16 September 2008

Church Revitalization Effort - Part 2

Sorry for my absence from this line of dialogue recently. I hope to get out the rest of my thoughts on this subject over the next two weeks - so bear with me!

I talked about the weekend worship service as the first priority in a church revitalization effort before, so now I want to move on to the second piece of the puzzle - adult small groups.

There is no doubt in my mind that the weekend provides the largest "funnel" for people to get introduced to the church, but if there is nothing that the church is offering past that first "funnel," then guests and visitors who are here to check out the church will quickly exit out the door they entered because there is nothing keeping them there.

That is where adult small groups come into play. These groups of 10-12 people should be designed around several different approaches to formation. However, each approach must be intentional in nature for them to succeed.

The first approach is affinity. Find people within the worshiping community that have similar interests - like camping or quilting or reading. Gather those people together under the direction of a trained small group leader and let them use their affinity to draw them into deeper relationships with one another and with Christ.

The second approach is location. Group people together who live within the same neighborhood or on the same side of town. Gather these folks together - again, under the leadership of a trained small group facilitator - and have them begin to live life deeply with one another.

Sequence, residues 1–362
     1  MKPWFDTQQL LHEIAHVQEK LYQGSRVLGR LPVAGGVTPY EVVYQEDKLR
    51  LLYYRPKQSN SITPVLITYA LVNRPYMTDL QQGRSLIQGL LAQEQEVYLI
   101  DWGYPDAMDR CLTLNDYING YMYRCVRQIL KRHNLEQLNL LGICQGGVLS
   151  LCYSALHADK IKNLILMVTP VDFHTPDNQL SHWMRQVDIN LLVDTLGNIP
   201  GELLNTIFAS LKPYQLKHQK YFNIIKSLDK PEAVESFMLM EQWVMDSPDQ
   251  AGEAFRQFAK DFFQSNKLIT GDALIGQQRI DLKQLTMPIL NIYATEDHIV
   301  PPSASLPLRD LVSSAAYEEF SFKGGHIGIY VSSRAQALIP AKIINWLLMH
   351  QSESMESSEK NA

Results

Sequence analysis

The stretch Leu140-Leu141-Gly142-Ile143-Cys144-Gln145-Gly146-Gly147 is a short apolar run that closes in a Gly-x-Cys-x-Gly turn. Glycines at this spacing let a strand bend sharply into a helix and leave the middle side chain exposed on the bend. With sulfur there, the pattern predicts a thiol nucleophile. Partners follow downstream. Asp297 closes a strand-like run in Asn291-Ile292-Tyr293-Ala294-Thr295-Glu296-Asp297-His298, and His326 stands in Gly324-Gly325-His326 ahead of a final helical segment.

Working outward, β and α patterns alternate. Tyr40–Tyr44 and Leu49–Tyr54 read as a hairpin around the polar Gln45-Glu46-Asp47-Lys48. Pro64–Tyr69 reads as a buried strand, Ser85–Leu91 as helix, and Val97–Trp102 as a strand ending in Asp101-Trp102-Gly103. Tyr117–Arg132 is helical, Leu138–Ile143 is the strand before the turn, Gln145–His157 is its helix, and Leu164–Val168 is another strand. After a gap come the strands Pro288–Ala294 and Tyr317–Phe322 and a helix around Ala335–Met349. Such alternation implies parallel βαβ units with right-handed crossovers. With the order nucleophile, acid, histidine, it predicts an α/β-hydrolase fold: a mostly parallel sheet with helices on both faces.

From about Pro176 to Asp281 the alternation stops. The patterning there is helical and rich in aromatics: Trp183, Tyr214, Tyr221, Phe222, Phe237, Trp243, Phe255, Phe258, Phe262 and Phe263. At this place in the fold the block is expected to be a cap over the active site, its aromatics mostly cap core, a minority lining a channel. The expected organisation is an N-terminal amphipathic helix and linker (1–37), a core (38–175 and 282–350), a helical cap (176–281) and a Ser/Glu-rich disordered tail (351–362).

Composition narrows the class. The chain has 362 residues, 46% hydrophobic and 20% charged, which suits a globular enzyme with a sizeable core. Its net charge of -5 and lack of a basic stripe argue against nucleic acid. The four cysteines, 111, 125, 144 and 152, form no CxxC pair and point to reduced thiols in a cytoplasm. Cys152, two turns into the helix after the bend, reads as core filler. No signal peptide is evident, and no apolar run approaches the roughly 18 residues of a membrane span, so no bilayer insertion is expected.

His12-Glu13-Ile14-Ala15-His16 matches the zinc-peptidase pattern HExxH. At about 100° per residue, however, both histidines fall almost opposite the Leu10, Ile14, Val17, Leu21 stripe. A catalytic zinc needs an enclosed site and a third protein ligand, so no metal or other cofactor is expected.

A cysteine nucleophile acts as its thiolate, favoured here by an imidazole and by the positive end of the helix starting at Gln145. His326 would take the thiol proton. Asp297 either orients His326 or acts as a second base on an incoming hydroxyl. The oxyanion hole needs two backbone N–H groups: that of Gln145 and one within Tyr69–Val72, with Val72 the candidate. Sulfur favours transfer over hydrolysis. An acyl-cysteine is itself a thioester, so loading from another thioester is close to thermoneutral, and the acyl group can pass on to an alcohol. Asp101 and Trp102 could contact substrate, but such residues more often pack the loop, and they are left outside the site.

A third approach involves service. I truly believe that an usher team can function as a small group if given appropriate directions. I also believe this can work with Sunday School teachers, money counters, and communion set-up folks. If an element of study and prayer is added to their weekly routine and responsibility, then any service group within the church can function as a small group without too much hassle.

A final approach involves study. I know that many Bible studies are touted to be "short-term" commitments, but even a study that only meets for 4-6 weeks can still function as a small group during that time. This is true because when a group of people make a decision to meet together, study a particular topic or biblical book, and pray for one another, you have the makings for a great small group experience. This even holds true for longer studies like Disciple Bible Study - which asks for a 9 month commitment. I believe that this also holds true for Sunday School classes because what should those long-term learning environments do for your soul, but grow it in the context of deep and meaningful relationships.

Using these approaches - and any other successful methods out there - can begin to turn the culture of the church from a church with small groups to a church of small groups. And that is the key to long-term sustainability. If the leadership of the church (and thus the rest of the congregation) sees small groups as "one more thing the church does" then the church will never truly reach its redemptive potential for the kingdom of God.

How can University UMC begin to implement adult small groups into the life of the church? Who is ready to champion the efforts to do so?

1 comment:

Stephanie said...

I like the idea of small groups centered around service. The weeks are busy lately, and it would be nice (and efficient) to meet with other Sunday School teachers, say, 15 minutes before Sunday School for at least a prayer.